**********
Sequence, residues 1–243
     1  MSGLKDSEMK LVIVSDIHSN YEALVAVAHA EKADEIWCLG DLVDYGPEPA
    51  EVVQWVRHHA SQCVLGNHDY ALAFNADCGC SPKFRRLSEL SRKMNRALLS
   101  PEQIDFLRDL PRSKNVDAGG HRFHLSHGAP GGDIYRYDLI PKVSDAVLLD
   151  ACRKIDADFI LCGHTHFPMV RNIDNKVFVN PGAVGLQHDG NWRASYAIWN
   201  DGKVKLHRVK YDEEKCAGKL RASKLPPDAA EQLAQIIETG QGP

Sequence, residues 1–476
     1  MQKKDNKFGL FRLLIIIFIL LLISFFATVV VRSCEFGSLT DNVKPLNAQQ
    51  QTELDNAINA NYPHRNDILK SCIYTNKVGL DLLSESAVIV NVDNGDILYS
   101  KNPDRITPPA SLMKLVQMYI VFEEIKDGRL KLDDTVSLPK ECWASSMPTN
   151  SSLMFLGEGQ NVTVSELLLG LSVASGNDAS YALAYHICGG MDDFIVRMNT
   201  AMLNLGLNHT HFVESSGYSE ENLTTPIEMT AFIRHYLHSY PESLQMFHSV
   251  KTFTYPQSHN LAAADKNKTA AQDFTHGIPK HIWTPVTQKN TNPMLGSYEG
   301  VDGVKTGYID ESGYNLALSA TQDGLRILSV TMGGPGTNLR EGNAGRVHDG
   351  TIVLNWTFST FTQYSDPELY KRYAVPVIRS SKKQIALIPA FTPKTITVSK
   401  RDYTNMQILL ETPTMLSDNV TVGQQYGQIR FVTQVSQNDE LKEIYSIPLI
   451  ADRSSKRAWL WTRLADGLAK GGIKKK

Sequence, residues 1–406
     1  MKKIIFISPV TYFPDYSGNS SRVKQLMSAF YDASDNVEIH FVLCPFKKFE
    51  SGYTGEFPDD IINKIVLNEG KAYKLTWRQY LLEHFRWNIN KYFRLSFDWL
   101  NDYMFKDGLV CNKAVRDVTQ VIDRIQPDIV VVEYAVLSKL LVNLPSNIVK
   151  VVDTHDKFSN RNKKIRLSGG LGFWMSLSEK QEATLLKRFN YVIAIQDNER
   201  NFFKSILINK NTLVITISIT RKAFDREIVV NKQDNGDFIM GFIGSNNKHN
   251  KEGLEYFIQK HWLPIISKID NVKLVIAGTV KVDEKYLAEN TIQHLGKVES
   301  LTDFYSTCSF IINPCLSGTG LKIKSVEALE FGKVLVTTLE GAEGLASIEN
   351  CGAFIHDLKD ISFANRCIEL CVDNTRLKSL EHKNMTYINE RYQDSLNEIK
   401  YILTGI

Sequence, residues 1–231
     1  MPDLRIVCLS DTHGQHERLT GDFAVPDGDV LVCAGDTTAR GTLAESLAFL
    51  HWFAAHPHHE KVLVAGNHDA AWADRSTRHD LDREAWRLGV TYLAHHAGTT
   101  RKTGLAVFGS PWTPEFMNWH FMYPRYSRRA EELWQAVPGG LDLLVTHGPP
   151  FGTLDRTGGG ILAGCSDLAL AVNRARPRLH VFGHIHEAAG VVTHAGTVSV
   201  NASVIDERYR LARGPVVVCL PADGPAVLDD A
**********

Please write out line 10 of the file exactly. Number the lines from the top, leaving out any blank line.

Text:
   101  KNPDRITPPA SLMKLVQMYI VFEEIKDGRL KLDDTVSLPK ECWASSMPTN